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complained!

Hardest Part – Getting legs running after blowing them out on first bike leg. Easiest Part – Kayak turned out to be easiest after all the excellent courses – Thanks Guys Race Number: 266 Section: Individual Two Day Age: 33

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MULTISPORT

Photos by Pauls Image Centre - Christchurch. Email: imagecentre@paulscamera.co.nz

Geoff Parkin Background – Having raced off road motorcycles for 6 years it was time for real challenge. I was invited to be part of a team for my first Coast to Coast in 2001 and, as the t-shirt says “once is never enough”. Why – Because it is hard and for personal satisfaction of finishing in a reasonable time.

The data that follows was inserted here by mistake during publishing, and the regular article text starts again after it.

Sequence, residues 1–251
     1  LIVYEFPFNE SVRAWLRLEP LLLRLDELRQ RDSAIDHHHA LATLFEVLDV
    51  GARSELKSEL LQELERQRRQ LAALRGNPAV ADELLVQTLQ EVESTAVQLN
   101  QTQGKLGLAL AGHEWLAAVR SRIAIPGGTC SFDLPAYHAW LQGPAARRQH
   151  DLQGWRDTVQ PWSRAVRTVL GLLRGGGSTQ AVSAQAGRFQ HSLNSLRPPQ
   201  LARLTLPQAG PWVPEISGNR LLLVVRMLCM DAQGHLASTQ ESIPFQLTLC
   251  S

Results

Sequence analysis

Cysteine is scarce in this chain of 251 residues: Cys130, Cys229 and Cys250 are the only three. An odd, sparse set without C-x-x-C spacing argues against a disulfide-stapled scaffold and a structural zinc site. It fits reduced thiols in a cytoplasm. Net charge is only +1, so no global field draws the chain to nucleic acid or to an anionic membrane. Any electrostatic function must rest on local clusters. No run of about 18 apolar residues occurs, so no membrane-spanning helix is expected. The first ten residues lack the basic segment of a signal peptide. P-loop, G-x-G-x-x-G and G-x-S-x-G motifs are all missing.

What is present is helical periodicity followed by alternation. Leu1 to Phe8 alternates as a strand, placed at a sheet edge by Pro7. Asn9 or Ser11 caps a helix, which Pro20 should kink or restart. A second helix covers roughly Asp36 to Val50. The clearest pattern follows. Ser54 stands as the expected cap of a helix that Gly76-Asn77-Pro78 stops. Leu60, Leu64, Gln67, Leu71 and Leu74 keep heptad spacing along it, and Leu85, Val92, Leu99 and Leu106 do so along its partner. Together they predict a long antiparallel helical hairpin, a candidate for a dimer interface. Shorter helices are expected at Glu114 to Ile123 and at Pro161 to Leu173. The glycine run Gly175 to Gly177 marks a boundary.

I

f your’ve decided to challenge yourself next year and enter the Coast to Coast, we can help with the kayaking and a personal coach like Mark Sutherland or Jon Ackland from Performance Lab can help with the personal training and programmes.

For over ten years we at Canoe & Kayak have been training Kiwis to paddle the kayak section of the Speight’s Coast to Coast and during this period we have developed a course programme that is allows the racers not only to complete the river section but to enjoy it, and in many cases to be in the top of the pack to boot. The secret to enjoying the paddling section is

A/ several weekends of quality instruction on the basics of paddling a kayak on a river B/ more weekends of white water paddling to

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Biggest Challenge – For me the biggest

Low – Dealing with leg cramps from the bike

challenge was the kayaking section. The prospect of 67 kilometres of the Waimakariri after a two hour cycle and four hour run the day before was pretty daunting. Keeping your balance when you are already fatigued is definitely challenging. My goal was to get down the river with no swims at a steady pace.